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Author Notes:

Correspondence: Madhuri Hegde, Emory University School of Medicine, Department of Human Genetics, Whitehead Building Suite 301, 615 Michael Street NE, Atlanta, GA 30322. Tel: +1 470 337 2847/+1 404 727 1197; Fax: +1 404 727 3949; E-mail: mhegde@emory.edu

MH had full access to all of the data in the study and had responsibility for the integrity and accuracy of the data and its analysis.

MH, SC, BRRN, LR, PM, MW, and MH designed the study concept.

All authors contributed to the acquisition, analysis, or interpretation of data.

BRRN, SC, and MH drafted the manuscript.

All authors contributed to the critical revision of the manuscript for important scientific or intellectual content.

BRRN and SC performed statistical analysis.

MH obtained funding for this study.

MH provided administrative support and supervised the overall study.

The corresponding author MH had final responsibility for the decision to submit for publication.

We are greatly indebted to all the study participants and their families without them this research would not have been possible.

Conflict of Interest: Nothing to report.


Research Funding:

This work was jointly funded by the Muscular Dystrophy Association, and the Jain Foundation.


  • Science & Technology
  • Life Sciences & Biomedicine
  • Clinical Neurology
  • Neurosciences
  • Neurosciences & Neurology

Genetic landscape and novel disease mechanisms from a large LGMD cohort of 4656 patients

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Journal Title:

Annals of Clinical and Translational Neurology


Volume 5, Number 12


, Pages 1574-1587

Type of Work:

Article | Final Publisher PDF


Annals of Clinical and Translational Neurology published by Wiley Periodicals, Inc on behalf of American Neurological Association. Objective: Limb-girdle muscular dystrophies (LGMDs), one of the most heterogeneous neuromuscular disorders (NMDs), involves predominantly proximal-muscle weakness with >30 genes associated with different subtypes. The clinical-genetic overlap among subtypes and with other NMDs complicate disease-subtype identification lengthening diagnostic process, increases overall costs hindering treatment/clinical-trial recruitment. Currently seven LGMD clinical trials are active but still no gene-therapy-related treatment is available. Till-date no nation-wide large-scale LGMD sequencing program was performed. Our objectives were to understand LGMD genetic basis, different subtypes’ relative prevalence across US and investigate underlying disease mechanisms. Methods: A total of 4656 patients with clinically suspected-LGMD across US were recruited to conduct next-generation sequencing (NGS)-based gene-panel testing during June-2015 to June-2017 in CLIA-CAP-certified Emory-Genetics-Laboratory. Thirty-five LGMD-subtypes-associated or LGMD-like other NMD-associated genes were investigated. Main outcomes were diagnostic yield, gene-variant spectrum, and LGMD subtypes’ prevalence in a large US LGMD-suspected population. Results: Molecular diagnosis was established in 27% (1259 cases; 95% CI, 26–29%) of the patients with major contributing genes to LGMD phenotypes being: CAPN3(17%), DYSF(16%), FKRP(9%) and ANO5(7%). We observed an increased prevalence of genetically confirmed late-onset Pompe disease, DNAJB6-associated LGMD subtype1E and CAPN3-associated autosomal-dominant LGMDs. Interestingly, we identified a high prevalence of patients with pathogenic variants in more than one LGMD gene suggesting possible synergistic heterozygosity/digenic/multigenic contribution to disease presentation/progression that needs consideration as a part of diagnostic modality. Interpretation: Overall, this study has improved our understanding of the relative prevalence of different LGMD subtypes, their respective genetic etiology, and the changing paradigm of their inheritance modes and novel mechanisms that will allow for improved timely treatment, management, and enrolment of molecularly diagnosed individuals in clinical trials.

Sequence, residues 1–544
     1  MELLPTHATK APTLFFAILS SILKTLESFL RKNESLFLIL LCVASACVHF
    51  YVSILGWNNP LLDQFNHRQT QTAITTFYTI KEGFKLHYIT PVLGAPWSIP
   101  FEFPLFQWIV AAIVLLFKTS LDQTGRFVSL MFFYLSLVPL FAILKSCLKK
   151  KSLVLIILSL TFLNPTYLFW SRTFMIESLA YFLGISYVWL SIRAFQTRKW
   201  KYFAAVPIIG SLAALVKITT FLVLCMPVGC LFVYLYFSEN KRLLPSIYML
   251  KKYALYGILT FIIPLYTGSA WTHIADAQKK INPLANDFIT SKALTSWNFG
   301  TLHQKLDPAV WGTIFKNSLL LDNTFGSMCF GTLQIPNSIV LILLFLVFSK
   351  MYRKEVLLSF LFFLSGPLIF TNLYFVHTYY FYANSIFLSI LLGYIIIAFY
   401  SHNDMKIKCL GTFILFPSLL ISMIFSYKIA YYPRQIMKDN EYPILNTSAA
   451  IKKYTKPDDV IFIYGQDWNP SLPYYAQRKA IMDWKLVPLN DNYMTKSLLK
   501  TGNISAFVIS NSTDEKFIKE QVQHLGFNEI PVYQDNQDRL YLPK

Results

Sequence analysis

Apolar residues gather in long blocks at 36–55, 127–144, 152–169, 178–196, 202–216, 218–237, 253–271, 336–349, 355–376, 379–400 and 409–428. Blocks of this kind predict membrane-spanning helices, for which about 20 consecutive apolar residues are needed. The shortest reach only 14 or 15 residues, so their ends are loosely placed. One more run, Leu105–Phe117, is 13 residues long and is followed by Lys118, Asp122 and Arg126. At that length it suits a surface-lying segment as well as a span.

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© 2018 The Authors.

This is an Open Access work distributed under the terms of the Creative Commons Attribution-NonCommercial-NoDerivatives 4.0 International License (http://creativecommons.org/licenses/by-nc-nd/4.0/).

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